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Price of coffee up

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DUBUQUE (KWWL) -- Consumers are now starting to feel the effects after coffee trading prices hit a 13-year high on Wednesday.

The high point marked a 43 percent increase over the course of three months in coffee trading prices.

This filters down to coffee prices for major brands and local coffee shops, alike.

Last month the parent company of Folgers, Dunkin' Donuts and Millstone imposed an immediate average increase of 9 percent on most coffee products.

A spokesperson from Starbucks said the company plans on absorbing the cost but that its executives are closely monitoring the situation.

A Hy-Vee spokesperson said buyers have been seeing price increases since the beginning of August, but customers have not yet seen that affect in-store prices. She said, however, that another hike in market price might mean a increase in cost for customers.

Locally, some coffee shop owners are forced to pass the price increase on to customers.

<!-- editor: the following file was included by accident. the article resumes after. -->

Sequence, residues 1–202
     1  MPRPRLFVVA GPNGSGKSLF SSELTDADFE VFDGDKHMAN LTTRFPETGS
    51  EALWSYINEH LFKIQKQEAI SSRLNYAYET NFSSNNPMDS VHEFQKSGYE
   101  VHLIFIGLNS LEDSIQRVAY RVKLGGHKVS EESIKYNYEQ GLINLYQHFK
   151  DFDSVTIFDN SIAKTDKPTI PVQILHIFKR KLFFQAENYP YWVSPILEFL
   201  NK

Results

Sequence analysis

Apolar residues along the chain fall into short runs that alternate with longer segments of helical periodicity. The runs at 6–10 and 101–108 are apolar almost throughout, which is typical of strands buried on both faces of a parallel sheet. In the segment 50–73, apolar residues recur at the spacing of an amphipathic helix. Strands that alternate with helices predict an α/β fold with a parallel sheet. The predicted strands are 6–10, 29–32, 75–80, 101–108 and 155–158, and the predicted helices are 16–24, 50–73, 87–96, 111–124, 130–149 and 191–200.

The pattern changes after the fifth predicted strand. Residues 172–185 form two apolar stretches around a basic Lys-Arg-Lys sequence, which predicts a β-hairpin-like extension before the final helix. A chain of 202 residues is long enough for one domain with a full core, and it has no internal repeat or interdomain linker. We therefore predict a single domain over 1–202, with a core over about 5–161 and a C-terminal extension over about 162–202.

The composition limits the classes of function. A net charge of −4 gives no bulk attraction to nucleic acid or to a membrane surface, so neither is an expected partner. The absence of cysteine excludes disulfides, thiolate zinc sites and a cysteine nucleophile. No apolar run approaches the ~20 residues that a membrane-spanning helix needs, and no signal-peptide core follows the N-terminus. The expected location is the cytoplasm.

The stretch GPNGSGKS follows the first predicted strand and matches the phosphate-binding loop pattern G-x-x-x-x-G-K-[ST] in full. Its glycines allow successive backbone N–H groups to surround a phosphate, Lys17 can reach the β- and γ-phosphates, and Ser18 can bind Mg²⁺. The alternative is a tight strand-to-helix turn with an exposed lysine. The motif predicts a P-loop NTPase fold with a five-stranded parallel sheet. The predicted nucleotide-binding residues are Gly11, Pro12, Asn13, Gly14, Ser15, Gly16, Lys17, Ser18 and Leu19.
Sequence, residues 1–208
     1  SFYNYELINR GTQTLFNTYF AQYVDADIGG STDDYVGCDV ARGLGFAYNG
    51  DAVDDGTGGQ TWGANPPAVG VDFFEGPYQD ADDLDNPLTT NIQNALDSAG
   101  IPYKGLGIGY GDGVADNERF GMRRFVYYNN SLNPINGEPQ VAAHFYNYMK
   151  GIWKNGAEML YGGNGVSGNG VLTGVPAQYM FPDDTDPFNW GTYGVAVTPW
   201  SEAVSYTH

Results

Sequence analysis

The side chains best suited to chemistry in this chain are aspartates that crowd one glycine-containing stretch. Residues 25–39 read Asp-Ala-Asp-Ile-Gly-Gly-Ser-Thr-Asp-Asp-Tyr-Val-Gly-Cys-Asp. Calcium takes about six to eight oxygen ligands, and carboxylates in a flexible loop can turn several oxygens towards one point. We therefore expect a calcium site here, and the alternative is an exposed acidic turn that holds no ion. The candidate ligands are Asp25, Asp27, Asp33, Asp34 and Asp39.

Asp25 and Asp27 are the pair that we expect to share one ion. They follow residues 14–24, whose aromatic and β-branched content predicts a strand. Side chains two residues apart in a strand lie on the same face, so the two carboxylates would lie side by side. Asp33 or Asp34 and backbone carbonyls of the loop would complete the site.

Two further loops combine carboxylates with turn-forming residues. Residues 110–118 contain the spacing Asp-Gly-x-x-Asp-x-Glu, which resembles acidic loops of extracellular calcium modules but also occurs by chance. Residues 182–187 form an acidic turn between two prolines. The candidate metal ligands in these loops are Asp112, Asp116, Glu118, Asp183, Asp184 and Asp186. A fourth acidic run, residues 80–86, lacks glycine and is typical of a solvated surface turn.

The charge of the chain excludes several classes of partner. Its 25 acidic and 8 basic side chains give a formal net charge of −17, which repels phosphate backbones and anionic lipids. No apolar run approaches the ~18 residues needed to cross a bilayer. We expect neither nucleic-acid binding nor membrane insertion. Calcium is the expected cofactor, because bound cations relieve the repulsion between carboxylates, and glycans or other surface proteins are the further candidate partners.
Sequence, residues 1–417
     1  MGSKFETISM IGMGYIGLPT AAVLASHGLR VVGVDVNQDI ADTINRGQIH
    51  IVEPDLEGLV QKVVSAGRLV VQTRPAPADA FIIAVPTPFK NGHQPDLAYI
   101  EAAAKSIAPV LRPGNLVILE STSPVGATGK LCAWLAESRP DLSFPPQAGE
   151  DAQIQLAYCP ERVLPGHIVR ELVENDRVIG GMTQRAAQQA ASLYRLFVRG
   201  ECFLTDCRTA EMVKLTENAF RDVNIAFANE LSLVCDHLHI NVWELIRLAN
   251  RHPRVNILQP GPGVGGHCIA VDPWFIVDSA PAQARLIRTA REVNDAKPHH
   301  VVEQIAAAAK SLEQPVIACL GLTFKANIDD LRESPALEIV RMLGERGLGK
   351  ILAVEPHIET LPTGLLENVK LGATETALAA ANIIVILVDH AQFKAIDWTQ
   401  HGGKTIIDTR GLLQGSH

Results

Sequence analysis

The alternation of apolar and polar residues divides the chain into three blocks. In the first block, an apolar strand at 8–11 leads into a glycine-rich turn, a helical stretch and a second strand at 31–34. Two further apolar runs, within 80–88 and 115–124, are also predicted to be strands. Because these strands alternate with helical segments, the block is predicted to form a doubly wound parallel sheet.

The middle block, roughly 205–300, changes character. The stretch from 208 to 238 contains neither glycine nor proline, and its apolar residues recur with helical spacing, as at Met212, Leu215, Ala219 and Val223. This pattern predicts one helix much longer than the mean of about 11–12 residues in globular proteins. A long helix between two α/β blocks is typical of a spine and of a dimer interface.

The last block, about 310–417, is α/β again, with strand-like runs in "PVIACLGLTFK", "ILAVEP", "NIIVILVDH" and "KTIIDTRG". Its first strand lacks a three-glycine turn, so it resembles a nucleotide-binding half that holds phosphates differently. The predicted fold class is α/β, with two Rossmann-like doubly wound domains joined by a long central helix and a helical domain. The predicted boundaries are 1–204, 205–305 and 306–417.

Lenore Nesler owns Naughty Dog Coffee Bar & Deli in Dubuque. She said she has seen the price of coffee beans from her roaster in Madison, Wisconsin rise over the course of the past three weeks. She said she raised her price-per-cup to $2, which is an increase of more than 10 cents.

"I did tell them right away, you know, coffee went up a little bit and so I'm going to make a small change," Nesler said. "None of them decided not to buy coffee. They all decided to go ahead."

Nesler said it's all part of the daily grind.

"Like everything, coffee will rise and will continue to rise. You're dealing with other countries and there's all the import laws and everything," she said.

One customer comes to Naughty Dog Coffee Bar & Deli a couple of times a week and said he doesn't mind.

"If it doesn't cost, like, ten dollars a cup, I'll probably buy it, if it's good coffee," customer Bernie Sidley said, who drinks eight to ten cups throughout his day.

Experts say part of the hike in coffee prices over the past three months came, in part, from concerns over the future of shipping due to the BP oil spill.

Online Reporter: Becca Habegger

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